SlotForum banner
1 - 16 of 16 Posts

·
Premium Member
Joined
·
1,856 Posts
Discussion Starter · #1 ·
Having just seen the excellent Targa Ferrari in a posting on SF reminded me of a link sent to me last week of archive footage from the 1971 running.


It's very noticeable how the cars pitch and roll compared with today. I know that they were set up soft and high for Sicily but they still looked as if they would fly on the straight. It's curious that de Adamich seems to get more air time than Vacarella although the latter was the winner. Vic Elford was again heroic.

For any NSR 908 fans, here is what the originals looked like in action.
 

·
Registered
Joined
·
8,349 Posts
Gripping

Nice vid. Many thanks. I suspect that today's stiffly-sprung prototypes wouldn't get very far on Sicilian roads today.

I also think that the Targa spanned such a long period (1906-1973), it deserves a new thread to itself in the 1:32 section. In my view, these great road races shouldn't be forgotten.

Younger folk I've met in the past few years have never heard of Sicily, let alone the Targa Florio.
 

·
Registered
Joined
·
8,349 Posts
Wicker B

Many thanks to you. I propose a thread about the Targa having already forgotten that there is one, which I started. Huge memory lapse on my part caused by advancing senility/stupidity.

Your reminder is most kind.
 

·
Registered
Joined
·
1,236 Posts
Thanks for posting this, Gripping Pneus. Many members of my club run a lot of these liveries. It's very cool to see the real thing.
smile.png
 

·
Registered
Joined
·
1,904 Posts
Great video, the start confused me, thought maybe it was an advert about donkeys at first. It would be a great promotional video for Sicilian tourism. They should try to run this race again, it would be brilliant if you could run modern GT and historic cars.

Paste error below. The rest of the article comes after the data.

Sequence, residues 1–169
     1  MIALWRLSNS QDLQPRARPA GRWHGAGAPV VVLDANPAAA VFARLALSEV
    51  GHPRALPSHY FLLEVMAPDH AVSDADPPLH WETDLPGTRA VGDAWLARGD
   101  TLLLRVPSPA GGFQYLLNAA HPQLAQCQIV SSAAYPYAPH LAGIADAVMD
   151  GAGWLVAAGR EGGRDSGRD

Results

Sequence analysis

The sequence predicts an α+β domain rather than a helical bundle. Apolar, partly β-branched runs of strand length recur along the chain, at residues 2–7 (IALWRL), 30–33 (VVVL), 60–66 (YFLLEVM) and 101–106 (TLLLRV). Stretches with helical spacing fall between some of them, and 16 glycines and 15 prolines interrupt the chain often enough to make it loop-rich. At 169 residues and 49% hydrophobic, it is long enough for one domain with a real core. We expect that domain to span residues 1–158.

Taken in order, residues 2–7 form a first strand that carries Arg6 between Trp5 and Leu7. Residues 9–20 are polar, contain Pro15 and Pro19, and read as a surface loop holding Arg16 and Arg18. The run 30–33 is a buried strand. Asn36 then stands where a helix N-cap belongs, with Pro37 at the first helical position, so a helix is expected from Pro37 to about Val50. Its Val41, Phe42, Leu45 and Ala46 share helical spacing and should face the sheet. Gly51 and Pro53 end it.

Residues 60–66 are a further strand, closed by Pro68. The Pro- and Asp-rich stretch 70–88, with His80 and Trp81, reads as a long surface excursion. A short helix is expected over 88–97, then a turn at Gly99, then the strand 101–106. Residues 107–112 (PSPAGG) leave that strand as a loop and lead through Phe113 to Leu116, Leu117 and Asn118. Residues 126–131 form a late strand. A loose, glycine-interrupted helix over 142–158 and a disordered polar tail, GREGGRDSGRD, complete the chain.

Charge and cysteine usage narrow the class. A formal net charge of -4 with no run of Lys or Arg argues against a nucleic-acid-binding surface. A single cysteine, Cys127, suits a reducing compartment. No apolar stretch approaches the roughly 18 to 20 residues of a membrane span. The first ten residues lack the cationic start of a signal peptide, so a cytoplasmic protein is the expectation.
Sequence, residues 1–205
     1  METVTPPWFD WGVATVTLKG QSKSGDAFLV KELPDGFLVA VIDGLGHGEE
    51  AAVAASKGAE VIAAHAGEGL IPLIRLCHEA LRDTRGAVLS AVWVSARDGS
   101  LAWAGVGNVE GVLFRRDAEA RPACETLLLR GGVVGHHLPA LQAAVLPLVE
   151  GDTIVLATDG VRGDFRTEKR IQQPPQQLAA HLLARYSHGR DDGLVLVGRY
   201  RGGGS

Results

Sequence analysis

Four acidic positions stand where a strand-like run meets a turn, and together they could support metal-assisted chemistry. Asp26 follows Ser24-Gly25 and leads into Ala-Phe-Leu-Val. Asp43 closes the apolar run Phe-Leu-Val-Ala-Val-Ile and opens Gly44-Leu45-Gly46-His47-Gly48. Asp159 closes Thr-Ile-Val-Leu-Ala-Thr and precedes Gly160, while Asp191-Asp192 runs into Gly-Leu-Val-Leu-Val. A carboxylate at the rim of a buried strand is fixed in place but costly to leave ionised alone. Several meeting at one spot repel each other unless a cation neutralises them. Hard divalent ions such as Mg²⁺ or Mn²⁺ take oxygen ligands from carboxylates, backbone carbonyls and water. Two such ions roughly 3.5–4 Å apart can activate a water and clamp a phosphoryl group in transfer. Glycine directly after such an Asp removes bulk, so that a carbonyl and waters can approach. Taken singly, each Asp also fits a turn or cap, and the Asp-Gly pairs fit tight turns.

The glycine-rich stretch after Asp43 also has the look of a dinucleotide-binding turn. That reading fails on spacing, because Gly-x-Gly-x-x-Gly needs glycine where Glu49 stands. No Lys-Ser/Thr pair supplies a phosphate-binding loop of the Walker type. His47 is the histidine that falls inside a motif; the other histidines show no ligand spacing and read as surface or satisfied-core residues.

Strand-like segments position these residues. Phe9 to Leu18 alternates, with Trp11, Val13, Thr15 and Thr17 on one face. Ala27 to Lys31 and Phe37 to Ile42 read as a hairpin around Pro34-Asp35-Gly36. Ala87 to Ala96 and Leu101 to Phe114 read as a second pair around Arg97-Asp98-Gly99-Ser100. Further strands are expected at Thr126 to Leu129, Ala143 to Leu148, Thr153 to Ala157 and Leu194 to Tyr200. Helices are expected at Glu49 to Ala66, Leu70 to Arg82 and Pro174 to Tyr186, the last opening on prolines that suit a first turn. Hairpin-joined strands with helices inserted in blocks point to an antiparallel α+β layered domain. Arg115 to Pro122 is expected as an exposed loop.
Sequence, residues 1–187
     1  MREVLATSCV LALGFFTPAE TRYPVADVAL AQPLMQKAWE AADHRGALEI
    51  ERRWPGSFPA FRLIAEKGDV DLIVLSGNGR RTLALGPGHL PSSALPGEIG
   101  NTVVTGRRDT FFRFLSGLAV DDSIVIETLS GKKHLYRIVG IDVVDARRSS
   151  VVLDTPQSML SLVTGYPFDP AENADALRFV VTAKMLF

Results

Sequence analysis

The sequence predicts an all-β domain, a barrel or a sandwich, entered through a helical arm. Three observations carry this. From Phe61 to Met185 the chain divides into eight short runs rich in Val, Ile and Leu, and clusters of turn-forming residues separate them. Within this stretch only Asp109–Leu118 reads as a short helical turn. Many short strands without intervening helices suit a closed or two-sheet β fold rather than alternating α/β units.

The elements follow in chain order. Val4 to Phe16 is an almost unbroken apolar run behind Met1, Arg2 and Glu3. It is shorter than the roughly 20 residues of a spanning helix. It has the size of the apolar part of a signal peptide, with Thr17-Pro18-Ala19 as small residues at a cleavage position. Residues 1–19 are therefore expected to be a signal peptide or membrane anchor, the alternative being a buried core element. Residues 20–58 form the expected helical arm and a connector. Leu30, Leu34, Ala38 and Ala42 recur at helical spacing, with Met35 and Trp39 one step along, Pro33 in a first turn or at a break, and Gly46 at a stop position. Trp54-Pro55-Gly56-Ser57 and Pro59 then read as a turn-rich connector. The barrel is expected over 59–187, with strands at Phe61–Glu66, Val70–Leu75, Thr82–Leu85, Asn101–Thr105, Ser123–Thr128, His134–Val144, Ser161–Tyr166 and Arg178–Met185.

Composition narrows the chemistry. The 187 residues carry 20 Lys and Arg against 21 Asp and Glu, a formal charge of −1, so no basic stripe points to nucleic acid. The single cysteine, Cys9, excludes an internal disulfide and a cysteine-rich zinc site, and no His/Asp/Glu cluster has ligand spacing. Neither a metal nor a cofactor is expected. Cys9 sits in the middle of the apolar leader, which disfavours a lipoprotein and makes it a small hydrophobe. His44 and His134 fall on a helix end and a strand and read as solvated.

·
Premium Member
Joined
·
1,856 Posts
Discussion Starter · #7 ·
I think it has been re-run as a time trial type rally with regularity sections between villages. You have to declare a tin=me that you will do the section in and then keep to that with a penalty point for each second late at a control and two points for each second early. There is usually a secret control point on each stage to prevent everyone going like stink and then sitting outside the control until their time is up!

It is by no means a race like the original though.
 

·
Registered
Joined
·
1,236 Posts
Matthew77. The race offically got stopped by the police after too many spectator deaths (including children) or it would still be going on today. Race cars were getting more powerful each year.

They apparently hold a rally through the countryside now instead. Much less power and speed makes for a much safer end.

Cars like the Ferrari 512S belong on a closed circuit track where specators can't wander into their path.

They talked about fencing the course. But the cost was out of this world, and totally impossible. A race era came to an end.
wacko.png
 

·
Premium Member
Joined
·
1,856 Posts